RUAG Space has been awarded a contract from Ball Aerospace to provide a navigation receiver for a next-generation United States Department of Defense environmental satellite system
ZURICH, Switzerland (RUAG Space PR) — RUAG Space, a leading space supplier, has been awarded a contract from Ball Aerospace to provide a navigation receiver for Weather System Follow-on—Microwave (WSF-M), a next-generation Department of Defense (DoD) operational environmental satellite system. Ball is the prime contractor for WSF-M, which will address critical space-based environmental monitoring (SBEM) requirements.
BOULDER, Colo., Feb. 10, 2021 (Ball Aerospace PR) — Ball Aerospace has been selected to support Solar Cruiser, a NASA small satellite technology demonstration on the use of solar photons for propulsion in space. Ball will perform several mission-critical functions, including the integration and test of the satellite bus with the solar sail system that will form the completed “Sailcraft.”
PASADENA, Calif. (NASA PR) — NASA’s upcoming space telescope, the Spectro-Photometer for the History of the Universe, Epoch of Reionization and Ices Explorer, or SPHEREx, is one step closer to launch. The mission has officially entered Phase C, in NASA lingo. That means the agency has approved preliminary design plans for the observatory, and work can begin on creating a final, detailed design, as well as on building the hardware and software.
Sensors and spacecraft exceed mission performance goals; flow of precision measurements will open up new opportunities to track and reduce potent greenhouse emissions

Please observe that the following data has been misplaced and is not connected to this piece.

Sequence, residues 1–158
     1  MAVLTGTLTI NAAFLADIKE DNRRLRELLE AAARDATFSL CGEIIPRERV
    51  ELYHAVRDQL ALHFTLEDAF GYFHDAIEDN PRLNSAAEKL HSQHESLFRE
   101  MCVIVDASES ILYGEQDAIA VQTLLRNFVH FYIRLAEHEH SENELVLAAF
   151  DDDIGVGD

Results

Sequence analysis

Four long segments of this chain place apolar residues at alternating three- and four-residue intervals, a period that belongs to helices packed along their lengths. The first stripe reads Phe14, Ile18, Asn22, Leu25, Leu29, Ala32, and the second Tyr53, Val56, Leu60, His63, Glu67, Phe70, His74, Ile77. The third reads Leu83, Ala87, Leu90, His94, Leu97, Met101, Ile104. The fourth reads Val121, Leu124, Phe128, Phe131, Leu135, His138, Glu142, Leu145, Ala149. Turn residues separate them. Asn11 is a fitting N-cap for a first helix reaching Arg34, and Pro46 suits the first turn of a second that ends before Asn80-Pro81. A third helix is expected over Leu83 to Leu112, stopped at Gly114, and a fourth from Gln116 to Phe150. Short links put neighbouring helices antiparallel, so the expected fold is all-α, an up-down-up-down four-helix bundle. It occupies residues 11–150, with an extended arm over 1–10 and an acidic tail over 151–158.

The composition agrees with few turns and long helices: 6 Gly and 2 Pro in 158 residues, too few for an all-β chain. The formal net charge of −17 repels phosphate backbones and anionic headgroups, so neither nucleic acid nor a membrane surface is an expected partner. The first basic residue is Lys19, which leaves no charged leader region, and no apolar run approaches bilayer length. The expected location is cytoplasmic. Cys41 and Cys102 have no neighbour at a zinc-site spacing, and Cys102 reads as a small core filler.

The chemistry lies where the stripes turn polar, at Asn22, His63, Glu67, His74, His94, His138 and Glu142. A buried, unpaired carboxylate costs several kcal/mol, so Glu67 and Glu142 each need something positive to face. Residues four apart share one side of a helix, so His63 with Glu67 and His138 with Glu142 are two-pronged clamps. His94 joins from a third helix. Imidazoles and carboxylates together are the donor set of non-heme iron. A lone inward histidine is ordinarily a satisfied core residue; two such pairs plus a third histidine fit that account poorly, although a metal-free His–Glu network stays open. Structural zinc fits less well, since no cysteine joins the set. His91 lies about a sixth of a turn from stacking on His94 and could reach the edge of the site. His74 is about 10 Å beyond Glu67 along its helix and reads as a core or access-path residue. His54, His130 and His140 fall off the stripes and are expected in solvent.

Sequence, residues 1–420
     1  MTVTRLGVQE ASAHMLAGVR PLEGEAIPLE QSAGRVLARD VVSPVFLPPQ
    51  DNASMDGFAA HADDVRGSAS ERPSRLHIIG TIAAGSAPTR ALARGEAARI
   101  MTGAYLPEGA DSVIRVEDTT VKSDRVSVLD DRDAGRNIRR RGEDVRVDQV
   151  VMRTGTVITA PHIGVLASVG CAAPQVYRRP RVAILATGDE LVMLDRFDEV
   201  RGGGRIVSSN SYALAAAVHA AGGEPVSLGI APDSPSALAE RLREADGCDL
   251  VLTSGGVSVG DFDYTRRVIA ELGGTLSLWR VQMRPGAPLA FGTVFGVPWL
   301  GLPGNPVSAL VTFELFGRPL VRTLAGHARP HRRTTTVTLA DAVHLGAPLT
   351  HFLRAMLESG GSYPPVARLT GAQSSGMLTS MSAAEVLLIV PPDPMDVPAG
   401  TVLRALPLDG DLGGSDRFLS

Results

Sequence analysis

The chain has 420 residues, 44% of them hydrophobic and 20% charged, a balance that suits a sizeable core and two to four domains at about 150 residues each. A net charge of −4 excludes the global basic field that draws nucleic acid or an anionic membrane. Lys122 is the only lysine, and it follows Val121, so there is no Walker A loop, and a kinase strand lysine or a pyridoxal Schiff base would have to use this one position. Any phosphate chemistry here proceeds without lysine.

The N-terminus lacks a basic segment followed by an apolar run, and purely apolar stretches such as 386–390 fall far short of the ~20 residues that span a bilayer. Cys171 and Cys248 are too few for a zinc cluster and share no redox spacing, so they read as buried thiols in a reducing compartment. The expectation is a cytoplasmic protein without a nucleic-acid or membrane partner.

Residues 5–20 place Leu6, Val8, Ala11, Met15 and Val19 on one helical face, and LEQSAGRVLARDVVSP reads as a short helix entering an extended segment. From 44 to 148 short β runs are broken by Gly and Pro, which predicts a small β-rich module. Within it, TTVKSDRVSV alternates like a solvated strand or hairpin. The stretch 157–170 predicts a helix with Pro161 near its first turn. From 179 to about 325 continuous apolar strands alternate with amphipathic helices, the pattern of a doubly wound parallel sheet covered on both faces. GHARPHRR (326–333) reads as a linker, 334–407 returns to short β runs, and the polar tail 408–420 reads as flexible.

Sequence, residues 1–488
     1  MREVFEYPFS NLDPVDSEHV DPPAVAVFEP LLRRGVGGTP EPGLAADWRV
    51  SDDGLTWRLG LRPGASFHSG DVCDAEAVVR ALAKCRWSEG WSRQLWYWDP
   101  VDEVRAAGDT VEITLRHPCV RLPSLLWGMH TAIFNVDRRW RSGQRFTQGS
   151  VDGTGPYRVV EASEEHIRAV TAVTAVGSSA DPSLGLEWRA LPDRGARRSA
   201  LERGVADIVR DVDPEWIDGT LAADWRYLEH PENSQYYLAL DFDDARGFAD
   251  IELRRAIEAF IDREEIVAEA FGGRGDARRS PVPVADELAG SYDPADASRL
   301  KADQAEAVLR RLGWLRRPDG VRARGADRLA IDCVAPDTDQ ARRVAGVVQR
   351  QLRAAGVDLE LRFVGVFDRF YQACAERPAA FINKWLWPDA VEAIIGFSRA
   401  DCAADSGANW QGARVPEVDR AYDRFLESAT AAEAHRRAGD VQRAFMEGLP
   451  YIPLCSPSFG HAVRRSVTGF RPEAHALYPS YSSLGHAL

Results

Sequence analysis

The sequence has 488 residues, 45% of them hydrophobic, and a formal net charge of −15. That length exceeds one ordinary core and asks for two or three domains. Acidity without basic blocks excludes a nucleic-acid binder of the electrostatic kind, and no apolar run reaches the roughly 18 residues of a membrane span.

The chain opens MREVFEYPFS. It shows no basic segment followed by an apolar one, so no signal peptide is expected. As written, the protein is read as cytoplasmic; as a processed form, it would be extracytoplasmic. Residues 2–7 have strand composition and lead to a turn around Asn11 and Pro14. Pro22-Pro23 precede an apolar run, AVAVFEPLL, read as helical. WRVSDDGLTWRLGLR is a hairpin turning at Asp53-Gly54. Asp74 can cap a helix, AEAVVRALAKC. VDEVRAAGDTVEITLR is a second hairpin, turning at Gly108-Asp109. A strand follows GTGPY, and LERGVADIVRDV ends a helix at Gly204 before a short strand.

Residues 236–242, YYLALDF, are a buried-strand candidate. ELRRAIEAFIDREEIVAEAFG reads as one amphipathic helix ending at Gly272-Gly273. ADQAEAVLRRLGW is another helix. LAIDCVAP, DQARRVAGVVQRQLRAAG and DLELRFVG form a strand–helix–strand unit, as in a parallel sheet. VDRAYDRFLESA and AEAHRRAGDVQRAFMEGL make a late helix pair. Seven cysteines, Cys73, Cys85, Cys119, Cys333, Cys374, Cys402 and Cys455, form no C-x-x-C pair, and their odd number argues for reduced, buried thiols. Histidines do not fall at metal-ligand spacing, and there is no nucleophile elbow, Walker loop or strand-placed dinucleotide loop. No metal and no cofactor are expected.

SAN FRANCISCO (EDF PR) –MethaneSAT has reached an important new milestone with completion of the Critical Design Review (CDR) phase for both the mission’s remote sensing instrument and the spacecraft platform “bus” that will provide power and maneuvering, and transmit the vast stream of data from the high resolution sensors to ground stations. Completion of the CDR means that MethaneSAT is now entering the production stage with a design that exceeds anticipated capabilities.
BOULDER, Colo., Aug. 26, 2020 (Ball Aerospace PR) — Ball Aerospace, teamed with Booz Allen Hamilton, was awarded a contract by the Space Rapid Capabilities Office (SpRCO) to serve as the prime system integrator for the SpRCO Ground Command, Control and Communications (GC3) system. GC3 will integrate into and help enable the larger tactical command and control enterprise for the United States Space Force.